Saltwater pools are relatively low maintenance. The most up-to-date systems can maintain a clean for up to two weeks by itself. A traditional chlorine pool requires weekly maintenance with chlorine tablets added regularly. Both pools will need the chlorine level checked regularly to keep the chlorine level within the correct zone for having a clean, clear, and safe pool. The difference is that a saltwater pool chlorine is adjusted at the generator control box and by adding more salt to the water. A traditional pool's chlorine system must be adjusted by the amount of chlorine physically added to the pool.

The traditional chlorine pool will also need periodic shocks. This means a period where more concentrated chlorine needs to be added to the pool to ward off algae and maintain consistent chlorine levels. This involves dissolving chlorine in a bucket of water and adding it slowly to the pool. A saltwater pool needs this shock treatment less often, usually only after an especially heavy rain or when algae bloom, making the pool turn green.

One difficulty with a saltwater pool is when a problem arises. The solution may be more complex than that of a traditional chlorine system and may require a pool professional to solve it. Most chlorine pool issues can be solved by using home testing kits and the right combination of chemicals.

An added maintenance necessary for the saltwater pool is checking the saltwater generator cells. They should be removed, inspected, and cleaned at least once a season.

Benefits of a Salt Water Pool

Less Expensive

The initial cost of setting up a saltwater pool is higher than a traditional pool. The cost over time is significantly lower due to not having to buy chlorine tablets and salt for pools being inexpensive.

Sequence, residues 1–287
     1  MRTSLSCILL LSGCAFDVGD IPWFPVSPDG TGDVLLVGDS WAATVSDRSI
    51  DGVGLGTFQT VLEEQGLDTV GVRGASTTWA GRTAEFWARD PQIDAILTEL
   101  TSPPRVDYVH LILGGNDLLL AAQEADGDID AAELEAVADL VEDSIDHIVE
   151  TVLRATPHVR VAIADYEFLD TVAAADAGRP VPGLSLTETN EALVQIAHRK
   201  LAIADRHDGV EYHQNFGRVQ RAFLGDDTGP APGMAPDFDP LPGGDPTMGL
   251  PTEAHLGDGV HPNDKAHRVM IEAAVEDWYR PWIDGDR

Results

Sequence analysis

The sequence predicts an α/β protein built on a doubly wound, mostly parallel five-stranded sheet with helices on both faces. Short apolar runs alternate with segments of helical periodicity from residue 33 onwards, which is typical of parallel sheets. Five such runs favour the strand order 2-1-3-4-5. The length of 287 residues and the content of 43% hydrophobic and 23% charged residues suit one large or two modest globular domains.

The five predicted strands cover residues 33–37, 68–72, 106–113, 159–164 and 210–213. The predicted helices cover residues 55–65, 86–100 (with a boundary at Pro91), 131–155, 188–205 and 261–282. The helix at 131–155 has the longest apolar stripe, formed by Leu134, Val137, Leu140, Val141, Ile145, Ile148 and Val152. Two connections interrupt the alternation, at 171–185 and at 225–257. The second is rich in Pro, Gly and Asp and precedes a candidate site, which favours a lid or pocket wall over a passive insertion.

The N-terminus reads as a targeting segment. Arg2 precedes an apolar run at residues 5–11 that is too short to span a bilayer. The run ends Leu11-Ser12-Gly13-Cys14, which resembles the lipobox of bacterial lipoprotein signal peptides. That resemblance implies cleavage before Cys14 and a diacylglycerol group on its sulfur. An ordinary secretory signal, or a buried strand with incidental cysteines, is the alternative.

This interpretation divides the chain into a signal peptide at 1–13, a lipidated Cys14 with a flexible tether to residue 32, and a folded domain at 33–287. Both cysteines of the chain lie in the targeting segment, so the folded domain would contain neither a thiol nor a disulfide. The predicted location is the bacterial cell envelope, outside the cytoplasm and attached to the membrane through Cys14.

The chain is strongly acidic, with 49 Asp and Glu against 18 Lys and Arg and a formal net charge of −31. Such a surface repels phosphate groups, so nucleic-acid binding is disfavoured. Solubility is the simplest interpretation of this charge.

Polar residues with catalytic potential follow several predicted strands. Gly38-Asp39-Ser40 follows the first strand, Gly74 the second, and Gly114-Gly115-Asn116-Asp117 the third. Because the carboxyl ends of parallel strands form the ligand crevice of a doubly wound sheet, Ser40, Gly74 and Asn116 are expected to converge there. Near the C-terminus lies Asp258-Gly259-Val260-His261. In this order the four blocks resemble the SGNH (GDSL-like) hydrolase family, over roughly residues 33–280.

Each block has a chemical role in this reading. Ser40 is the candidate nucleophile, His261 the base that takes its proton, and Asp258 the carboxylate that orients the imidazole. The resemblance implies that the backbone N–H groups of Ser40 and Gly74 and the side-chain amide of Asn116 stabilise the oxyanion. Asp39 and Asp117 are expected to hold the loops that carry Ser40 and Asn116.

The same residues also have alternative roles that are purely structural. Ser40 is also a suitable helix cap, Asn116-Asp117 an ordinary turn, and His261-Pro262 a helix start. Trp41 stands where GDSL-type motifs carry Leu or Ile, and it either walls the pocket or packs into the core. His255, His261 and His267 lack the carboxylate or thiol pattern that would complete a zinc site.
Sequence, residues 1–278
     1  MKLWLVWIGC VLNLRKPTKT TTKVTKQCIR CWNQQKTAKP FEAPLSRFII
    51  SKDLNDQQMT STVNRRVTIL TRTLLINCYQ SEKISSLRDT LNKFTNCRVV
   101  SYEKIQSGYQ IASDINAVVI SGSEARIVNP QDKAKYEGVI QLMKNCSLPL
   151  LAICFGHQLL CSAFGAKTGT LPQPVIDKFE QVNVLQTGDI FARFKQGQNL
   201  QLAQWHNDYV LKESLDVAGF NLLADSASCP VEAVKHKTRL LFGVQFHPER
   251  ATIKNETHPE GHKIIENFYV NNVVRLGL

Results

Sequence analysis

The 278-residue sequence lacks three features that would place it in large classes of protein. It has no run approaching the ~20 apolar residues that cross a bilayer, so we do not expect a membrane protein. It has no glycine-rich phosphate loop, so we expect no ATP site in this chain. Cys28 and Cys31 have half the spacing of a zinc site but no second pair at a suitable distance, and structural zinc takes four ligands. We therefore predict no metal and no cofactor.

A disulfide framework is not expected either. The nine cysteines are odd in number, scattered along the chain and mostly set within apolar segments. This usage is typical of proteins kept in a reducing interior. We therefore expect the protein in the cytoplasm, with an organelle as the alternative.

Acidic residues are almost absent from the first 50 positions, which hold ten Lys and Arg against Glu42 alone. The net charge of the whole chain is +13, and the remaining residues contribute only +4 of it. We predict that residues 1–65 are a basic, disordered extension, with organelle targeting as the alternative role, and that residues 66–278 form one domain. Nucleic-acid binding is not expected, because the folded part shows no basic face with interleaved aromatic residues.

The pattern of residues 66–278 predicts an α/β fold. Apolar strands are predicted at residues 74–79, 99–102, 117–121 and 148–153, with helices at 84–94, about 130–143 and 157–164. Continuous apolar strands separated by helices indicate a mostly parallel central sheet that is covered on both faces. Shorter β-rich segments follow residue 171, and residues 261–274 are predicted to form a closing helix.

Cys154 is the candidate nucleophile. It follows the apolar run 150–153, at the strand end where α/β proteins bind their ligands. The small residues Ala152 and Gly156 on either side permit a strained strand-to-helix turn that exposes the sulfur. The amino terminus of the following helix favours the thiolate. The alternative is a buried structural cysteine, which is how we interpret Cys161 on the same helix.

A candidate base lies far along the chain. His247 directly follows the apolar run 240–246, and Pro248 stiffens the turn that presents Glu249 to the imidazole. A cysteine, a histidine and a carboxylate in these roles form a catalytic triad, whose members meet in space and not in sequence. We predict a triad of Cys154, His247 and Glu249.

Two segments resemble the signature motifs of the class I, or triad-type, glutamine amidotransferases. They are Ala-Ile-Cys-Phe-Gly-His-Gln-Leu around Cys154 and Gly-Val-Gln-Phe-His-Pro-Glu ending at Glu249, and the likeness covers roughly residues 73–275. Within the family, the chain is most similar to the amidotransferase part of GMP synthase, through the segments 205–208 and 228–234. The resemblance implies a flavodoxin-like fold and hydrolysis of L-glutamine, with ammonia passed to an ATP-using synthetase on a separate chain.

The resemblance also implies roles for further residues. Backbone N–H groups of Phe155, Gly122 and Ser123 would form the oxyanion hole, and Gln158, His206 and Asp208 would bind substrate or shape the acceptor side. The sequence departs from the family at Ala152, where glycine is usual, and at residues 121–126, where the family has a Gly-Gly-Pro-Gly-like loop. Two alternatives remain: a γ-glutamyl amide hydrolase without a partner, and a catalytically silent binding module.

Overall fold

Easier to Use

Since water treatment in saltwater pools is automated through the use of the electrolyzer, maintenance is much easier.

Better for Health

In salt-water pools, salt is always present, and the system generates chlorine disinfectant compounds continuously. The steady supply of chlorine helps to avoid buildup of chloramines or byproducts of the disinfection process. Chloramines or chlorine compounds cause many of the symptoms commonly associated with chemically treated pools, such as eye and lung irritation.

Because a large amount of salt needs to be added to the water to allow the machine to function, the water feels silkier.

Environmentally Helpful, Reinforced Safety

Saltwater pools don't require the addition of excess chlorine. Be sure to store these chemicals in their sheds or homes. Not only is this safe for your family, but it also benefits the environment by not giving off chemical pollutants. Saltwater pools also have softer water, which many people really enjoy.


Saltwater pools and traditional chlorine pools both use chlorine to disinfect the pool water. However, the saltwater method may be less irritating to people's health and may save the owner more money than a traditional chlorine pool will. The decision over which method to use is ultimately up to the owner and if they feel the saltwater benefits outweigh the initial cost.